September 06, 2017 by Mixcder
Pertaining to audio, aptX is advertised as the means of achieving CD quality sound, wirelessly! What is AptX? Get to start to understand aptX, you’ll need to know how digital audio works.
Digital audio is a compilation of audio signals encoded in a digital format that can be used to record, store, generate, and/or reproduce sound. As CNET so eloquently explains, a sample of the collection shows what a sound wave looks like at a specific moment, like a freeze frame. With enough of these freeze frames put together these frames can be converted back into a smooth sound wave by a device designed for digital playback. CD-quality refers to rate of 16 bit/44kHz which accounts for 44,100 samples every second and where each sample has a value between 0 and 65,535 (referred to as "16-bit").
Digital playback devices can play 16 bit/44kHz though this rate isn’t easily streamed via web or say wireless device as it’s about 10MB in size. MP3 files are much smaller (at about 1MB) and easier to stream because they are compressed. Bluetooth is a global wireless communication standard that allows for the easy exchange of data over short distances. Translation, only so much data can be transferred at one time down the tiny Bluetooth pipeline. Wi-Fi would allot for much more. So if you’re sporting over ear Bluetooth headphones but want to hear the best in audio quality, your device is going to need some help.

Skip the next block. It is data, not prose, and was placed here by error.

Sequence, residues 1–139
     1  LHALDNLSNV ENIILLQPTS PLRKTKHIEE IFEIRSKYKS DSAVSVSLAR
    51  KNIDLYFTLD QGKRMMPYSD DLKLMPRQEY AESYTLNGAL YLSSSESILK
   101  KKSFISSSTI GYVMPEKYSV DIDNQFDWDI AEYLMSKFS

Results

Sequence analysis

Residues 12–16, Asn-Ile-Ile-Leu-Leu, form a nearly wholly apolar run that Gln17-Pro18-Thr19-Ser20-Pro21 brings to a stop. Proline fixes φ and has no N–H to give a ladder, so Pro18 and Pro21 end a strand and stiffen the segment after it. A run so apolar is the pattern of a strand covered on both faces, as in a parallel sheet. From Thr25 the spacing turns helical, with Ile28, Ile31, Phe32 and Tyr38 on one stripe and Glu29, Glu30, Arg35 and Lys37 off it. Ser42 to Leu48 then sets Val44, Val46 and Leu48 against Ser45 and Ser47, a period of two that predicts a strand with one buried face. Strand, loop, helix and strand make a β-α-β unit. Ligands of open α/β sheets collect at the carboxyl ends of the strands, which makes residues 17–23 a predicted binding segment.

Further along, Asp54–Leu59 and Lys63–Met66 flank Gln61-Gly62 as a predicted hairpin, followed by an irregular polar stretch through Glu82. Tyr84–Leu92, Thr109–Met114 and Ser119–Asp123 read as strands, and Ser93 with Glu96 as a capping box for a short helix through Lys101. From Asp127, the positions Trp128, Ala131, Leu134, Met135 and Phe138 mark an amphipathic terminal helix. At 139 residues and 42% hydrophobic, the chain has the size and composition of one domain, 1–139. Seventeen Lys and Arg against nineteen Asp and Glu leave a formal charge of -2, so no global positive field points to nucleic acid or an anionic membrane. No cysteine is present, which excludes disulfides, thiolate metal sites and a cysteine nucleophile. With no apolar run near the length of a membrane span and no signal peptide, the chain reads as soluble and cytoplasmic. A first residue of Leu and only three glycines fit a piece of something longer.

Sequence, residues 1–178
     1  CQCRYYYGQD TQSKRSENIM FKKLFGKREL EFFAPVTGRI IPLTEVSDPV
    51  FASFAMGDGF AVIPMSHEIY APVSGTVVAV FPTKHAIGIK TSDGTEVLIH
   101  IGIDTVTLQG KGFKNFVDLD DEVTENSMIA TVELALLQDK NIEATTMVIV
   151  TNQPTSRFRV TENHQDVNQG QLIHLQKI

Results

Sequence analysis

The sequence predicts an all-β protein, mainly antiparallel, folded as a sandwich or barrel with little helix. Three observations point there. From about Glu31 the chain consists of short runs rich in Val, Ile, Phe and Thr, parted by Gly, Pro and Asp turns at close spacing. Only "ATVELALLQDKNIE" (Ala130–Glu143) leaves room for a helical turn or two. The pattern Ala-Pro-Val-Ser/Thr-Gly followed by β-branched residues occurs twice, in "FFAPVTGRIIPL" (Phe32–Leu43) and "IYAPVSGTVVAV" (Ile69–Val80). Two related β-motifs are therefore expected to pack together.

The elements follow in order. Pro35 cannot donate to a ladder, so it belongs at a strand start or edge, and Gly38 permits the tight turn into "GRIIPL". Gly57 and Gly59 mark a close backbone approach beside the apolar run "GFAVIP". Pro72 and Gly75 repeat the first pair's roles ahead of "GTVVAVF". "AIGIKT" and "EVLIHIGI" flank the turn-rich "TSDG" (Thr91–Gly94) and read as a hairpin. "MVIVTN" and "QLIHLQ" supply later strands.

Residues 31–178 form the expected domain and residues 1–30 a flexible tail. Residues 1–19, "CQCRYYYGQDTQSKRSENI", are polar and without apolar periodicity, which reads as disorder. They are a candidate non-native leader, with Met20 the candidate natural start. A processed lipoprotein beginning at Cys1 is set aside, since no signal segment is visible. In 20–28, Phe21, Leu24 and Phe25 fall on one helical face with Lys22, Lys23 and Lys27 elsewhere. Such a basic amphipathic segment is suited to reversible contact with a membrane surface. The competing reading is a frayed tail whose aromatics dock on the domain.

This is where aptX comes into play. It is a codec algorithm that compresses the digital audio signal by removing parts of the audio that aren’t noticeable by the listener and cause the least amount of impact on the fidelity of the audio.
AptX Director of Sales and Marketing, Johnny McClintock explained more to LifeWire, “AptX runs at 354 kilobits per second, and it’s a fixed 4:1 compression ratio so the performance is guaranteed… SBC and MP3 and AAC have more aggressive compression and are thus far more efficient than aptX. But if you have the capability of addressing more bits it’s going to sound better.”
There are two types of aptX you’ll see on most devices today. There is Qualcomm aptX HD and aptX low-latency. The HD version supports 24bit/48kHz LPCM audio data which is better than CD-quality (44kHz/16bit) to better enhance audio quality. As for low latency Bluetooth headphones, this version is best suited when watching movies and playing games as it reduces delay and ensures the audio is synchronized with the video. It supports a latency of less than 40ms and 48kHz / 16bit LPCM audio data.
For example, our new HD601 and MS301 are equipped with the aptX low-latency technology, which are definitely perfect for watching videos or playing mobile games.
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